Have interest rates peaked? Maybe, but bankers should not rule out further increases in light of the nation's amazingly resilient economy, economists say.

The case against further rate hikes is based on chances of a gradual cooling of business conditions next year. But just such an economic "soft landing" was forecast for the last several years and failed to happen.

Instead, economic growth has barreled ahead - at an estimated 5.5% annual rate in the third quarter - fed by consumer spending, which was encouraged by the robust stock market and the best job market in three decades. The Federal Reserve has raised short-term rates three times since June, so far with little impact.

"I think we are probably very close to the peak of interest rates," said Anthony Chan, chief economist at Banc One Investment Advisors in Columbus, Ohio, "but the economy continues to surprise us on the up side. So next year it's possible we could see the Federal Reserve do a Freddy Krueger - coming back, if conditions remain too strong."

Having a strong economy, with its inflationary portents, "is like waving a red flag at the Fed," said economist and money manager A. Gary Shilling. "I think they are pretty convinced of the need for action. The bond market is telling us the same thing."

In such situations the Fed historically has tended to raise rates "until something happens," such as a slowdown or even recession, said Mr. Shilling, a former Merrill Lynch & Co. chief economist who heads his own firm in Springfield, N.J.

Indeed, bond investors were quick to note that the Fed's words after its last rate hike, on Nov. 16, seemed even stronger than the statement in August that accompanied its declaration of a "neutral" monetary policy stance.

In unusually direct language, the central bank warned that the economy is expanding beyond its "growth potential." Even more bluntly, it said the trend toward a tighter job market "must eventually be contained if inflationary imbalances are to remain in check."

The labor market remains vibrant, according to the latest data. Payrolls rose by 234,000 in November, the Labor Department said last week in its monthly report. That was slightly more than most economists had expected. The unemployment rate remained at 4.1%.

But there was also good news from the Fed's perspective. Hourly earnings rose only 2 cents - half the consensus forecast of business economists. "There is no sign of any acceleration in wage increases," said Ian Shepherdson of High Frequency Economics in Valhalla, N.Y.

Moreover, available labor rose to 9.46 million from 9.36 million, on an unadjusted basis, reversing half the recent declines in the labor pool that had "shocked the Fed," Mr. Shepherdson said. Still, the Fed will need to see several more such reports.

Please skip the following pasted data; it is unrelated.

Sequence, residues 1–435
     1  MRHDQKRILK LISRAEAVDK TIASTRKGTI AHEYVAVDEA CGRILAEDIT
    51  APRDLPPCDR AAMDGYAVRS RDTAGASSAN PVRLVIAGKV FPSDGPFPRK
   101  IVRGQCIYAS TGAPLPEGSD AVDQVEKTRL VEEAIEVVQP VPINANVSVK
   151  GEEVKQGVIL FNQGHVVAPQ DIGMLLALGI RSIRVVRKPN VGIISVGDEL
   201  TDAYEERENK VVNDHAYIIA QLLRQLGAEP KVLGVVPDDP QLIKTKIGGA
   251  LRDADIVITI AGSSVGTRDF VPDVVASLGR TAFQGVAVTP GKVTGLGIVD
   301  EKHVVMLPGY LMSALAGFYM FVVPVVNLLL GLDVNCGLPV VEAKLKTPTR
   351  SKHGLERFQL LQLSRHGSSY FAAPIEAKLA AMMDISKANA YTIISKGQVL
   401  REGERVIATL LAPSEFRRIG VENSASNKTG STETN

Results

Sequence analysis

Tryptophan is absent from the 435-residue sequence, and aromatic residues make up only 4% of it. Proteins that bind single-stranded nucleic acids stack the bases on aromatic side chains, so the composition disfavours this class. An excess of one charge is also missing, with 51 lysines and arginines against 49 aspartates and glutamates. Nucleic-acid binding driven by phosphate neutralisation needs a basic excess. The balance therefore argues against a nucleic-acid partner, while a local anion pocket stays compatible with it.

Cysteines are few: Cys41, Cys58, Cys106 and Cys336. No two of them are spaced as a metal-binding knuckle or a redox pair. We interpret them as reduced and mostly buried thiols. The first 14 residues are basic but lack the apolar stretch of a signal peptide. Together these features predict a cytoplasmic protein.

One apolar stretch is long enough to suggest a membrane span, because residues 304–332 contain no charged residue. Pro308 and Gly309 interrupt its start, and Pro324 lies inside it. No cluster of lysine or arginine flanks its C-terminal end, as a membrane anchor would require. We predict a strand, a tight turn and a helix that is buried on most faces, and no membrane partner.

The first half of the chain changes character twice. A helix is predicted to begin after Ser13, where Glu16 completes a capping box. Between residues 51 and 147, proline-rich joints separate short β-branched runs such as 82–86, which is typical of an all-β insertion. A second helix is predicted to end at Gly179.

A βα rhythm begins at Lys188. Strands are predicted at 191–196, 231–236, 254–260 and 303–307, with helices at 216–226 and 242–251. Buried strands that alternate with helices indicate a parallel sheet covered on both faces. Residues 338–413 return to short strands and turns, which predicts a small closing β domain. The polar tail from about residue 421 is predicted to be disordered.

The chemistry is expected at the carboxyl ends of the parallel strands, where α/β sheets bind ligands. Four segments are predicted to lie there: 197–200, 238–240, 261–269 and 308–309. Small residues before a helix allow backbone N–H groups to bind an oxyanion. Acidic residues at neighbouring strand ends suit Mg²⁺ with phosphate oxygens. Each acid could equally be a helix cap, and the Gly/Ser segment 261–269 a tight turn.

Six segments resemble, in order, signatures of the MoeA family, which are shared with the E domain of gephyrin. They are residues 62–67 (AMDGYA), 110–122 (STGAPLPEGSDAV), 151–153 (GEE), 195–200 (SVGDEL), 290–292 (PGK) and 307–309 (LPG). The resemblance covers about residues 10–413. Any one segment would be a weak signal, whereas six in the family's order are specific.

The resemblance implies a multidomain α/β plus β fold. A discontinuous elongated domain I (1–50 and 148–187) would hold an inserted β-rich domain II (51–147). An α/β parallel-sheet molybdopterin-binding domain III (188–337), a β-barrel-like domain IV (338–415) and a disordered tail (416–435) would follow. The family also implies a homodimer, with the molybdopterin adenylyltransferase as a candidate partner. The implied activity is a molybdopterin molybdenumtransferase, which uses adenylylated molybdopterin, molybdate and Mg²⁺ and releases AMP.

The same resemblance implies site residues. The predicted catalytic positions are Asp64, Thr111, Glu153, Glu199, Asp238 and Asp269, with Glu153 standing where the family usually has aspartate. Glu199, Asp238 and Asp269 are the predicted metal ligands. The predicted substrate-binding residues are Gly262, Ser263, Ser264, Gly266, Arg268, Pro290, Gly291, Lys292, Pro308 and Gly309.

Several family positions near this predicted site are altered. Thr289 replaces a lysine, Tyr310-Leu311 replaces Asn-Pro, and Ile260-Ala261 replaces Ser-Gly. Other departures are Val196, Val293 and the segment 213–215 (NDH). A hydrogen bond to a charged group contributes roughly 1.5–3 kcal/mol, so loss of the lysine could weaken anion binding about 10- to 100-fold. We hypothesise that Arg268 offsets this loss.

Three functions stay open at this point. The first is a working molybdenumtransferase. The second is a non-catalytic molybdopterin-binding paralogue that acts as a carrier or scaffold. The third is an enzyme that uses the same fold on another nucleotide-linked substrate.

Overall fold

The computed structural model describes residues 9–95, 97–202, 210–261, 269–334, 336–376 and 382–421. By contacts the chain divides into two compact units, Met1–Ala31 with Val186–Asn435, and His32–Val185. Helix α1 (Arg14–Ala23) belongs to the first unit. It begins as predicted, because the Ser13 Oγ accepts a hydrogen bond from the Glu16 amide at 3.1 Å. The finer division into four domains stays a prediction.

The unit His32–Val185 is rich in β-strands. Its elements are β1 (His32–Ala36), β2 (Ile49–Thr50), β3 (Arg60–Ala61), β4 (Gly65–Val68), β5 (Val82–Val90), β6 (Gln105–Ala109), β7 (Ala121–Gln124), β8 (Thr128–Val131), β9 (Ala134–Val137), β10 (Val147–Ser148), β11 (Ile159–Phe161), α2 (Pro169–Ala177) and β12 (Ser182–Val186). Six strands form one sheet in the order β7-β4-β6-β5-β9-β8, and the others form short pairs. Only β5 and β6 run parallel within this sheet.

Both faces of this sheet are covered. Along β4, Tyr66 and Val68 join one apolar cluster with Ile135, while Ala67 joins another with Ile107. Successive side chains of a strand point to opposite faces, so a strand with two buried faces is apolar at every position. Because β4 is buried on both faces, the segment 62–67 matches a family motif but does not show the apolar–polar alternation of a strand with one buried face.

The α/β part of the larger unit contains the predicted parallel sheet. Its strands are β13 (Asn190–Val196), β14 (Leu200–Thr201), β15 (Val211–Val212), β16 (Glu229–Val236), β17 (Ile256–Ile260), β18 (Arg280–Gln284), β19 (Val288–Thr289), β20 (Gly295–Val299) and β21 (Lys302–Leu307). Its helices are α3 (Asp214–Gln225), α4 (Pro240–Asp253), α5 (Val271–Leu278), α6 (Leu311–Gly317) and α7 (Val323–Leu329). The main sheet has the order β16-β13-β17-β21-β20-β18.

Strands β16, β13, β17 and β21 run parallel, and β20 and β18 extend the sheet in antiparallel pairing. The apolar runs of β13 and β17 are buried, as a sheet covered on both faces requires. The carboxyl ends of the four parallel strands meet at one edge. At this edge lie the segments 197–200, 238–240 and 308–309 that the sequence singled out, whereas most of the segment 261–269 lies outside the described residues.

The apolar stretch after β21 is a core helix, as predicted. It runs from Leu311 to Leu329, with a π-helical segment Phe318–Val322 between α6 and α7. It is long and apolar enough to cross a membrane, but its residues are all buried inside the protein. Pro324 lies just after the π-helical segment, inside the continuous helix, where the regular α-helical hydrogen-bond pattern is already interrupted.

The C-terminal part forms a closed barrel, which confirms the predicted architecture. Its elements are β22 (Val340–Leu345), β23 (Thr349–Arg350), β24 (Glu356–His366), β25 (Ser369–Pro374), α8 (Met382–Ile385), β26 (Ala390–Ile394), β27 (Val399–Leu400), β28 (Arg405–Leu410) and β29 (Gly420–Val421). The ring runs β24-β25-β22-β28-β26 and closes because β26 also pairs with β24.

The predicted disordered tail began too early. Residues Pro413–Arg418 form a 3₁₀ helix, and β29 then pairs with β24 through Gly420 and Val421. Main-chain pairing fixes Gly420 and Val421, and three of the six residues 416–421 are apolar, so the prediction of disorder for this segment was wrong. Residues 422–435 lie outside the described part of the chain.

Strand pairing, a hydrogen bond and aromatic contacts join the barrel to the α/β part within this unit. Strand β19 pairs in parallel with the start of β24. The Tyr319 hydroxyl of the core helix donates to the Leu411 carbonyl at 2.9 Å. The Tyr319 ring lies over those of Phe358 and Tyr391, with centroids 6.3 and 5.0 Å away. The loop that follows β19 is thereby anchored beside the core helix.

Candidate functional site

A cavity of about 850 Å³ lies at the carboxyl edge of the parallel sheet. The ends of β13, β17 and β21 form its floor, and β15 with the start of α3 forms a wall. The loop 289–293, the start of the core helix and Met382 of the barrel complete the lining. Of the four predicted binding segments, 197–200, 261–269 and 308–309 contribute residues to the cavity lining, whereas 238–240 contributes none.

Joel L. Naroff, chief economist for Commerce Bancorp in Cherry Hill, N.J., said he thinks rates could edge higher and that more action from the Fed is likely. "Yes, we can approach 6.50% again" in interest yield on the 30-year Treasury bond, he said, "but no, we can't do that for long. We already have fairly high real [inflation-adjusted] rates."

Others are more confident that the economy's rapid pace will slacken. "Yes, Virginia, there finally will be a soft landing next year," said Wayne M. Ayers, chief economist at FleetBoston Financial Corp., who said he expects no further Fed rate hike.

Fed Governor Laurence H. Meyer was typically noncommittal about prospects for further central bank rate moves. "It depends," he said last week in a speech at New York University.

Mr. Meyer said he views the current economic climate with its low unemployment, low inflation, and high growth as "exceptional but unsustainable." He termed the Fed's Nov. 16 rate hike "still preemptive" against inflationary risks from "robust growth" that threatens to "push already high [labor] utilization rates even higher."

A shift to a more sustainable business environment lies ahead, he said. "The transition might well occur while we remain spectators of an economy that slows spontaneously and as a result of recent policy actions. Or it could involve our more active participation."

Very few economists expect the central bank's monetary policymakers to act at their Dec. 21 meeting, a mere 10 days before the dawn of 2000. Moreover, figuring out the impact of various year-2000 computer issues, such as a buildup of inventories, is likely to keep the Fed on the sidelines until March at the earliest, they say.

Mr. Ayers said he thinks a spontaneous slowdown will be evident by then and that it will be caused by a reversal of the inventory-building now under way. The Fed's previous rate hikes also have cut mortgage refinancings in half, crimping a major source of extra cash for consumers.

But he cautioned that, unless there are "convincing, broad-based signs" early next year that the economy is moving into a lower gear, "the Fed will be on high alert."

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